Evolutionists speculate that life gradually evolved from mere hydrogen in a series of stages. The first stage began about 15 billion years ago with the big bang which produced an expanding cloud of hydrogen gas—all else was void. With time and energy, hydrogen transformed into all the other chemical elements. Then, about 4 billion years ago, the earth’s atmosphere consisted of methane, ammonia, hydrogen and water, from which life would inevitably evolve.
During stage two it is believed that simple chemicals from stage one formed the small organic molecules essential to life, such as sugars, amino acids, and nucleotides. In 1953, Miller and Urey claimed to ‘simulate’ the evolution of some of these organic molecules from methane and ammonia using apparatus and conditions designed to achieve the desired result.
Stage three in chemical evolution is supposed to have involved the stringing together of small organic molecules into long chain-like molecules called polymers. The most important biological polymers are starches (polymers of sugars), proteins (polymers of amino acids), and DNA (polymers of nucleotides). In another ‘evolution simulation’ experiment, Sidney Fox produced protein-like molecules by heating pure-dry amino acids at high temperatures. When this material was allowed to cool in water it formed small globules which he called ‘microspheres.’ Although these microspheres are stone dead, evolutionists refer to them as ‘protocells,’ implying that they represent an early stage of living cells. In fact, about the only similarity between microspheres and living cells is that they are, as their name implies, small and spherical.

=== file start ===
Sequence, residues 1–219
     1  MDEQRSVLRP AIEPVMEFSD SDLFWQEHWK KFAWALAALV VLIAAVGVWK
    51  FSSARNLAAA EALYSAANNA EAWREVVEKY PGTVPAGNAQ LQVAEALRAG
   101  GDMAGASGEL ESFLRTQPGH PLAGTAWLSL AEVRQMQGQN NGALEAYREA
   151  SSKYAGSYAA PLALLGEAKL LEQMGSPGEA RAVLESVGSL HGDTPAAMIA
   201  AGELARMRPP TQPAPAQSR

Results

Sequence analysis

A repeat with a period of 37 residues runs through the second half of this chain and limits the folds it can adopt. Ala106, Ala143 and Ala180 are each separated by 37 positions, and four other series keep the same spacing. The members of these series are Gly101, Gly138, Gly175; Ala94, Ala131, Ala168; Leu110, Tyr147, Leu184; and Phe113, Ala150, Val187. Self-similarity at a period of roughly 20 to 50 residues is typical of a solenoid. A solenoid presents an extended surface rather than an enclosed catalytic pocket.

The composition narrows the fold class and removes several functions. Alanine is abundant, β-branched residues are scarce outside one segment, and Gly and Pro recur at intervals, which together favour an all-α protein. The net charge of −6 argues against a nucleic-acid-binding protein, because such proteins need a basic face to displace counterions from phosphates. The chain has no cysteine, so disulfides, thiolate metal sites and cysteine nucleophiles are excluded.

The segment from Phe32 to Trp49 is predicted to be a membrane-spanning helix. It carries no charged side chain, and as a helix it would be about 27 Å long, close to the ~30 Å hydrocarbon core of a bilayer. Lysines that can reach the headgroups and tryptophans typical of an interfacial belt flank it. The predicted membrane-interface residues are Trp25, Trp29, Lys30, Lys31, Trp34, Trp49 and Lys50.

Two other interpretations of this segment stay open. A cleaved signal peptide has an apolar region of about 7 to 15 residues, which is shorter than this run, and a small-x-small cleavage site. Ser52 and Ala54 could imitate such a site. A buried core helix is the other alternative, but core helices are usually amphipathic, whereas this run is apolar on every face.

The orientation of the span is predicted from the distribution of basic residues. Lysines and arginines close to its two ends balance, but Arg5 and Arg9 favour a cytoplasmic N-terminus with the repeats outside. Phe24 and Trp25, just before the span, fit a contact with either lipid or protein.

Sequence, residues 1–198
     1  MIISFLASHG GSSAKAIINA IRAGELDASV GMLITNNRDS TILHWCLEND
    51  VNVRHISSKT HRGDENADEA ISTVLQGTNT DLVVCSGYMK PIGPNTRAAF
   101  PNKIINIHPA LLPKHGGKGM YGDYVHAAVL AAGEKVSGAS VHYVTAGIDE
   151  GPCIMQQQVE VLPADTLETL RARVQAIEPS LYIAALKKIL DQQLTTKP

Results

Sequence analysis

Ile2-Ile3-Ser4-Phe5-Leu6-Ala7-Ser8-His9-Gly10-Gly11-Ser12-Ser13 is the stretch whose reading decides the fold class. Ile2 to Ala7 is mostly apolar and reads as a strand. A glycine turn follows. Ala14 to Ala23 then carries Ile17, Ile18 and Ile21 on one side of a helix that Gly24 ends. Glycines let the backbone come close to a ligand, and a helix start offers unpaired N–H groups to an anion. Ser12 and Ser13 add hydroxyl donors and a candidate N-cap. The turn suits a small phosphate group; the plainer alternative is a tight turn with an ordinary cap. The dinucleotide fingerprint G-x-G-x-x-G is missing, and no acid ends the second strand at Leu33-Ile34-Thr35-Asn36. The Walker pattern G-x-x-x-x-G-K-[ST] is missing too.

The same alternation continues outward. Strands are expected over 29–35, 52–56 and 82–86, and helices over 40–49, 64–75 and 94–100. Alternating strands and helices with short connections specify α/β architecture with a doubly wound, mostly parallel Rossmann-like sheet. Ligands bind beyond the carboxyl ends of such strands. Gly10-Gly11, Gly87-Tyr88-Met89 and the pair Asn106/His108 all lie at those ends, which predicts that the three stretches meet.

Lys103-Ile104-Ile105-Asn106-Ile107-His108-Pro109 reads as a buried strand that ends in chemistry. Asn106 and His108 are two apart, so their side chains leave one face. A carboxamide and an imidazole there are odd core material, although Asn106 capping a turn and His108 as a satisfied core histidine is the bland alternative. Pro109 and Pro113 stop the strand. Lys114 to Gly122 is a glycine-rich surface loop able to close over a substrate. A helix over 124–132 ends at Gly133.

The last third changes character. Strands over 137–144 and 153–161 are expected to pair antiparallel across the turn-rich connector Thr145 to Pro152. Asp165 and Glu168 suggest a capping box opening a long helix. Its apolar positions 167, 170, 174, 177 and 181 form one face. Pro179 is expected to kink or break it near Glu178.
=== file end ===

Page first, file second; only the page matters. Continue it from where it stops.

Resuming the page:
The final stage of chemical evolution involves the chance transformation of organic molecules and polymers into the unfathomably complex machinery of living cells. Here evolutionary speculation is so unrestrained by evidence, or even plausibility, that it fails to merit serious consideration. The biochemist Dr David Green pretty well summed it up when he said in his book Molecular Insights into the Living Process: ‘the macromolecule-to-cell transition is a jump of fantastic dimensions, which lies beyond the range of testable hypothesis. In this area all is conjecture. The available facts do not provide a basis for postulating that cells arose on this planet.’ Evolutionists have tried to get around this problem by invoking long periods of time in the hope that, given enough time, virtually anything is possible—except, of course, special creation.